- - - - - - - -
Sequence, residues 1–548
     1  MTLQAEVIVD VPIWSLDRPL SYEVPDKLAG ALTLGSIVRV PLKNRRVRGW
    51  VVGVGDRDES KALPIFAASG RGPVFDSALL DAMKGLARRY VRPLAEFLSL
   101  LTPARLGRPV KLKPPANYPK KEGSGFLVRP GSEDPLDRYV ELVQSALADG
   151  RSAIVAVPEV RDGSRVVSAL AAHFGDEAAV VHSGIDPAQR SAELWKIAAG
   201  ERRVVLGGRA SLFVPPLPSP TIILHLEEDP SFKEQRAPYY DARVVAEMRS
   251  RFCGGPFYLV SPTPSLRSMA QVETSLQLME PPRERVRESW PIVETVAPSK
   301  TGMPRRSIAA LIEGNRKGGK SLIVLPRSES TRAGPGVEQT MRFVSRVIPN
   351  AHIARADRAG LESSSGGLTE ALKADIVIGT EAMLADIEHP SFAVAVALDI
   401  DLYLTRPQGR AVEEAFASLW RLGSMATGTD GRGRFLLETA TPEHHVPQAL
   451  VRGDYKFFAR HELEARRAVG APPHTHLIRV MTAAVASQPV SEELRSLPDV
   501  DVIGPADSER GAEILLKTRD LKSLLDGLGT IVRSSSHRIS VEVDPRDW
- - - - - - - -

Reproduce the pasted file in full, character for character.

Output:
Sequence, residues 1–548
     1  MTLQAEVIVD VPIWSLDRPL SYEVPDKLAG ALTLGSIVRV PLKNRRVRGW
    51  VVGVGDRDES KALPIFAASG RGPVFDSALL DAMKGLARRY VRPLAEFLSL
   101  LTPARLGRPV KLKPPANYPK KEGSGFLVRP GSEDPLDRYV ELVQSALADG
   151  RSAIVAVPEV RDGSRVVSAL AAHFGDEAAV VHSGIDPAQR SAELWKIAAG
   201  ERRVVLGGRA SLFVPPLPSP TIILHLEEDP SFKEQRAPYY DARVVAEMRS
   251  RFCGGPFYLV SPTPSLRSMA QVETSLQLME PPRERVRESW PIVETVAPSK
   301  TGMPRRSIAA LIEGNRKGGK SLIVLPRSES TRAGPGVEQT MRFVSRVIPN
   351  AHIARADRAG LESSSGGLTE ALKADIVIGT EAMLADIEHP SFAVAVALDI
   401  DLYLTRPQGR AVEEAFASLW RLGSMATGTD GRGRFLLETA TPEHHVPQAL
   451  VRGDYKFFAR HELEARRAVG APPHTHLIRV MTAAVASQPV SEELRSLPDV
   501  DVIGPADSER GAEILLKTRD LKSLLDGLGT IVRSSSHRIS VEVDPRDW